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The Magic Cafe Forum Index » » Food for thought » » Difference between "magic" and "a magic trick." (1 Likes) Printer Friendly Version

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George Ledo
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Not well known, but a number of those old books were written for the general public. I've never seen a clear explanation of the rationale behind it, but that's how it was.
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funsway
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Some of the rational may be echoed in Whit's "wink" and concerns of performers such as Arnold Furst as to "removing the fear."
Others have suggested always including a simple trick the audience can figure out, or even teaching one as Jeff McBride does.

We want the audience to understand that what we do is pretend at magic, as apposed to those who claim to do magic for power or profit --
then loose themselves in a dilemma in which no other conclusion except magic can fit. In 1900 there were many con artists working to "help"
folks confused over advancing technology and religious/spiritual conflicts - and with more free time for outside entertainment.

Today's audience is different. Their concept of magic has been mangled by Hollywood and marketing of new products. It is a compliment, of sorts,
to claim that anything exiting is "magic," but makes it more difficult for a magician to practice his art. The maxim "know your audience" is almost impossible.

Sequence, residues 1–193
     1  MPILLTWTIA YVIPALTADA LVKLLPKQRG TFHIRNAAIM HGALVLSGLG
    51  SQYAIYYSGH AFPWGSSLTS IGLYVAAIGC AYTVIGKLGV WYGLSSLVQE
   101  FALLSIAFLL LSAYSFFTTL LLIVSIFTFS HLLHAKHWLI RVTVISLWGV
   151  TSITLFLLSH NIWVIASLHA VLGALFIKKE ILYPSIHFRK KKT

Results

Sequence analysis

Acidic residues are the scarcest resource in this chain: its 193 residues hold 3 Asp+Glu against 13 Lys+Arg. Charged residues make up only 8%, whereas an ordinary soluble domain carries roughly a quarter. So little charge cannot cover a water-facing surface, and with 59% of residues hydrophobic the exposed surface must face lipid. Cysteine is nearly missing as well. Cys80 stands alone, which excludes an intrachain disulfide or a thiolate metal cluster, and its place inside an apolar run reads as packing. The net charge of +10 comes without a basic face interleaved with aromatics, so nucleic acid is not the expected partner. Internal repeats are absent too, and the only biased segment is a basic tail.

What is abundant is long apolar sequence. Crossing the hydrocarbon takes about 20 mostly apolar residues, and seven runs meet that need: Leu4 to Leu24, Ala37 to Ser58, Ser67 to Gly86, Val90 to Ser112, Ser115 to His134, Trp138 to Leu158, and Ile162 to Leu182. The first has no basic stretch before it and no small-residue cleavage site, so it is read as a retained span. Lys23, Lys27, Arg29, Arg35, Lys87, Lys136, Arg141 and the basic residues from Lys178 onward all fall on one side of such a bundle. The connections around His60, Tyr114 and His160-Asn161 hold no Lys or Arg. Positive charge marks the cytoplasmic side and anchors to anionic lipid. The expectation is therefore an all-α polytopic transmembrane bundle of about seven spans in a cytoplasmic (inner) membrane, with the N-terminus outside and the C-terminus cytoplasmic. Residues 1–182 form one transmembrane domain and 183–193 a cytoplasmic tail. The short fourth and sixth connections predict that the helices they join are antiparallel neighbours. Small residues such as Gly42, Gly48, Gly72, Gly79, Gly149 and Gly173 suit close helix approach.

Sadly, what worked for magicians decades ago may not be relevant or practical today. We now learn that many in an audience may addicted to entertainment itself
and care little about skill or astonishment of any "wink."

From my perspective, most magicians today to not care about magic -- only tricks. Card tricks seem to be growing in popularity -- maybe because spectators know they are tricks
rather than more astonishing or artistic effects. On a video the wink cannot be seen anyway.

Just opinions, of course. While I do not think that magic is completely dead, it is hiding for a time when both performers and audience appreciate the distinction between
"magic trick" and "magic." For now I will consider it to be magical when an employee shows up for work on time or a politician follows their oath of office.

I wink at most everything these days. Better than crying.
"the more one pretends at magic, the more awe and wonder will be found in real life." Arnold Furst



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tommy
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"IN OFFERING this book to the public the writer uses no sophistry as an excuse for its existence. The hypocritical cant of reformed (?) gamblers, or whining, mealymouthed pretensions of piety, are not foisted as a justification for imparting the knowledge it contains. To all lovers of card games it should prove interesting, and as a basis of card entertainment, it is practically inexhaustible. It may caution the unwary who are innocent of guile, and it may inspire the crafty by enlightenment on artifice. It may demonstrate to the tyro that he cannot beat a man at his own game, and it may enable the skilled in deception to take a post-graduate course in the highest and most artistic branches of his vocation. But it will not make the innocent vicious, or transform the pastime player into a professional; or make the fool wise, or curtail the annual crop of suckers; but whatever the result may be, if it sells it will accomplish the primary motive of the author, as he needs the money."